The developers of 77º - a new restaurant slated to open in Malverne's business district - went before the village's Architectural Review Board Thursday night and received approval for some of their plans.
The board, which included Deputy Mayor Joseph Hennessy and Trustees Jack O'Brien, Michael Bailey and Patricia Canzoneri-Callahan, reviewed plans for the exterior of the vacant building located at 356 Hempstead Avenue, including the outside seating area
Presenting on behalf of the property owner, Elcid Melconian, and the restaurant proprietor, John Skijus, architect Henry A. Monteverde showed the board samples of the materials that will be used to reconstruct the building's exterior. This included two different colors of stucco siding, cultured rock for the base, insulated glass for the windows, which will have a slight tint, and black broad-iron railing, which will be used to cordon off the outdoor seating area from the sidewalk traffic.
The existing front wall of the building would be recessed four feet, and then a canopy would extend out a total of eight feet to the railing, reducing the current sidewalk by four feet. Skijus said the outdoor seating area would hold between 20 and 24 diners, but he was later told by the village's attorney that he could only have a maxiumum of 14 seats there because this is what the when it granted a parking exception and request to change the use of the building from retail to restaurant. (The decision also allows 100 seats inside the restaurant.)
"Then, that's what I'll abide by," Skijus said. "I'm looking to do a quality job and to expedite the process. I'll do whatever I need to do. You have my cooperation."
The board unanimously approved the plans for the outside of the building, with some exceptions though. They removed the exterior lighting and signage from the application so it could be considered at a later date, after the developers have discussed with the building inspector what is permitted under Malverne's village code.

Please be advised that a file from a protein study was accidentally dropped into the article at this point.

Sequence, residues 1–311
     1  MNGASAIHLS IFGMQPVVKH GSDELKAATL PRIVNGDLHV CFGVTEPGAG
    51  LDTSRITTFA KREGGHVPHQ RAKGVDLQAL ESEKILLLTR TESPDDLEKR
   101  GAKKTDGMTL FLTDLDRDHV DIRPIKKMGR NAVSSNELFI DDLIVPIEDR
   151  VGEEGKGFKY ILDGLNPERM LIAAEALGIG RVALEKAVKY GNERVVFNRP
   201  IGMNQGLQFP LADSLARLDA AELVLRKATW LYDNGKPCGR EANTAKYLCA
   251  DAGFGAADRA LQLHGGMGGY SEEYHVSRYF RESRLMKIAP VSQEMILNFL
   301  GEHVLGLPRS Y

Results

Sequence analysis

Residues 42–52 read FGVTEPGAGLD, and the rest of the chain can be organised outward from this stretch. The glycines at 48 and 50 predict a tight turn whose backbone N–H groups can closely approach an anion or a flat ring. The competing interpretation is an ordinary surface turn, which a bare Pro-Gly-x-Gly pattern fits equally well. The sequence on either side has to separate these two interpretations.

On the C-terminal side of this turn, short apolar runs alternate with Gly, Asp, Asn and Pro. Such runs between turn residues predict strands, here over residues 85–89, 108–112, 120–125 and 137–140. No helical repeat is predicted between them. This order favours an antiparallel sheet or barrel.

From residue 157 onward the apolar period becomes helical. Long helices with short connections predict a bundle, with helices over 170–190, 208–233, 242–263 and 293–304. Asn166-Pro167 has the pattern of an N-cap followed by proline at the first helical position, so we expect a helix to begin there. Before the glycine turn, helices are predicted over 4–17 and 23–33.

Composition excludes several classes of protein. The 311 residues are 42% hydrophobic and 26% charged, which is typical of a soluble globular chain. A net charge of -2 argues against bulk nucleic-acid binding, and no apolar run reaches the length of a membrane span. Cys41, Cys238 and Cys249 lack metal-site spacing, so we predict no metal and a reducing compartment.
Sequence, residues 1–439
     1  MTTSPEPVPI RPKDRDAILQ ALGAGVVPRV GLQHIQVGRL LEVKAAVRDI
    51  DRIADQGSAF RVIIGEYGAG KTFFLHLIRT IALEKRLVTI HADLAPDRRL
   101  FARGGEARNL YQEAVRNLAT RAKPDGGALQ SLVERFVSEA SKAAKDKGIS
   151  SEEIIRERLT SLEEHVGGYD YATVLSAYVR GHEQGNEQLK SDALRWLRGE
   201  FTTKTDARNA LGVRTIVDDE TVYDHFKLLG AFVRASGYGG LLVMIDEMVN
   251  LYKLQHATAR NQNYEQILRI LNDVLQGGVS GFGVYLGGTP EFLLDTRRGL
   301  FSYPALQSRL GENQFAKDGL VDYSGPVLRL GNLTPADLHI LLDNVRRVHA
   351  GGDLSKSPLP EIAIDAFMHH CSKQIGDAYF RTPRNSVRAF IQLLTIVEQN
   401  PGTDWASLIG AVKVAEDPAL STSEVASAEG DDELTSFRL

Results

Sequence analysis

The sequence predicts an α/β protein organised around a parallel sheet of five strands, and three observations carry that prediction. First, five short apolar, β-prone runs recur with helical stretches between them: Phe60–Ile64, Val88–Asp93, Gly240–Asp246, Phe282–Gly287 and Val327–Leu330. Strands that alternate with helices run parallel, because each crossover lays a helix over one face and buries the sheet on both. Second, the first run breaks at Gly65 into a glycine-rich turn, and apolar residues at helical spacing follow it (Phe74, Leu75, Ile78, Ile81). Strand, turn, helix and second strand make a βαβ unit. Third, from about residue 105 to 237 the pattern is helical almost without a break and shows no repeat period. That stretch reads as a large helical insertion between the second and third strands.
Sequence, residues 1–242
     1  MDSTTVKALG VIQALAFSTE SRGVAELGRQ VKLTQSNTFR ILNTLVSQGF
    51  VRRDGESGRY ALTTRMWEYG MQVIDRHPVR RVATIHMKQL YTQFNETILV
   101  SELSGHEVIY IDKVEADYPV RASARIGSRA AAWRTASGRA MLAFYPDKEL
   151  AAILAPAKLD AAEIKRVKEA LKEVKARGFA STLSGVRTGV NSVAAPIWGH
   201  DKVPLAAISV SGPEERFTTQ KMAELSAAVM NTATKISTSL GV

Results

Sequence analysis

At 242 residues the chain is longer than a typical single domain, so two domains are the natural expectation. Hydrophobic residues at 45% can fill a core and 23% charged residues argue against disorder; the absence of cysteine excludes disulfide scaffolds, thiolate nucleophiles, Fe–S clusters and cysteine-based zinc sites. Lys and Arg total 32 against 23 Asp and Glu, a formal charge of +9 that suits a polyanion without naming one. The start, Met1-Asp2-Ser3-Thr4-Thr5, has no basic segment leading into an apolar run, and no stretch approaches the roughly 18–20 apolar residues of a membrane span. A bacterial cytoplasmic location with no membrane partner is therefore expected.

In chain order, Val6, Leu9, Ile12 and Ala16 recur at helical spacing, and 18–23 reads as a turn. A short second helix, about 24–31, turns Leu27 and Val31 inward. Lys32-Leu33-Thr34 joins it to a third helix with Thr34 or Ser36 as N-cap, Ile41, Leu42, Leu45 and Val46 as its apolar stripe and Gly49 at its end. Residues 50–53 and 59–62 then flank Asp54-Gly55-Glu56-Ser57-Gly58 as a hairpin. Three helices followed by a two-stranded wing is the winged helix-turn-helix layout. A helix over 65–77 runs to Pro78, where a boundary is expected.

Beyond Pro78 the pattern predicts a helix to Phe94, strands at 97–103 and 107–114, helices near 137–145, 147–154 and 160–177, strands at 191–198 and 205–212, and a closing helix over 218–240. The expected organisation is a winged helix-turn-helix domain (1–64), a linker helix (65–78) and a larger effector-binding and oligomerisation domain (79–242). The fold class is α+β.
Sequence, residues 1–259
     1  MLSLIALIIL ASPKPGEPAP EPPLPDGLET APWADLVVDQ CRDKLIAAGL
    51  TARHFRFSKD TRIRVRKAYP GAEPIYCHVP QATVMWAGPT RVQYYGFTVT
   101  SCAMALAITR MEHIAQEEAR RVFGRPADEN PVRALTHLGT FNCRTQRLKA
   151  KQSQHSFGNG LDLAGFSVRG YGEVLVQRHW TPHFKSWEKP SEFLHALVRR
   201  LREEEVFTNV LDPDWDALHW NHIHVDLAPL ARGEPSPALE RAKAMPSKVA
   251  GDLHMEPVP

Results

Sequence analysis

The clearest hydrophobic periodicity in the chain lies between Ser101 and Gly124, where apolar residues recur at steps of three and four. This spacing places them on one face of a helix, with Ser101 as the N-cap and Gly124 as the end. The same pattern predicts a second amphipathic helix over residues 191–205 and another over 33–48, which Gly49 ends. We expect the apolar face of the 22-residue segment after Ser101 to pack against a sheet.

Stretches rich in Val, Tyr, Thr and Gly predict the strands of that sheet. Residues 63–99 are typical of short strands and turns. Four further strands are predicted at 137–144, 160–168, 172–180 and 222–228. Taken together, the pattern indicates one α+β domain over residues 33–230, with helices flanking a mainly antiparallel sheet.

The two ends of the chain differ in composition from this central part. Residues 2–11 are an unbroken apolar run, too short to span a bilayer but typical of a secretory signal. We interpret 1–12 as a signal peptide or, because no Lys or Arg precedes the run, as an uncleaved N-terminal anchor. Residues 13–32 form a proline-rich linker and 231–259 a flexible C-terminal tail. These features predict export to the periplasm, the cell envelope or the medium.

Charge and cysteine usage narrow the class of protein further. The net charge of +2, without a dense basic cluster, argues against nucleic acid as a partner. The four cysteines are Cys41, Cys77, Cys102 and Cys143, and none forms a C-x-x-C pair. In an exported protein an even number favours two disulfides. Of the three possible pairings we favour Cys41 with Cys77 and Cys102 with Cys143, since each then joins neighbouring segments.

The village code limits the number and types of signs a business can display, and the brightness of the outside lighting. It also requires exterior lighting to be shut off by 9 p.m., 10 p.m. in some exceptions.
Skijus was planning to have the exterior lights off by 10 p.m. every night. The restaurant would be closed Mondays, open from noon to midnight Tuesdays, Wednesdays and Thursdays, noon to 2 a.m. on Fridays and Saturdays, and 10 a.m. to 10 p.m. on Sundays, when a brunch would be offered. No smoking would be permitted inside the building, as well as in the outdoor dining area.
Those weren't the only issues the board had. Deputy Mayor Hennessy also pointed out that the developers had already started to do work on the property without acquiring the proper permits and were using a contractor that was not approved by the village.
"We can't do things like this," he said, strongly advising Skijus and Melconian to sit down with the village's building inspector as soon as possible to learn what protocols they need to follow. "Look at the final decision from board again and if you have any questions ask the building inspector," he added.
Hennessy also said that the plans the board approved in January called for Melconian to continue operating his photo-developing business, Tri-Color, in the back section of the building, but he has since learned that it has moved out and Melconian wants to find a new tenant for the space.
Melconian told the board he wanted to say, but couldn't afford to anymore. He said he is looking to lease the space to something that would be comparable to his business, that "wouldn't wreak havoc on the parking."
He doesn't have any plans to alter this space aside from possibly painting the exterior to match the new colors of the front of the building. Canzoneri-Callahan said the space is currently approved for retail use and so long as that doesn't change, Melconian would not need a special exception like the restaurant required.
"We shouldn't be picking and dragging it out of you," Hennesy said. "We can't keep going back and forth, you have to tell us everything."
He told them that as soon as they address the issues concerning the outside signage and lighting they should come back to the board to schedule another meeting, adding, "It could be as early as next month if you have everything ready."
Check back for more developments regarding this property.
What do you think of the plans? Are you excited that Malverne will be getting a new restaurant? Worried about how it could affect the village? Tell us in the comments section below.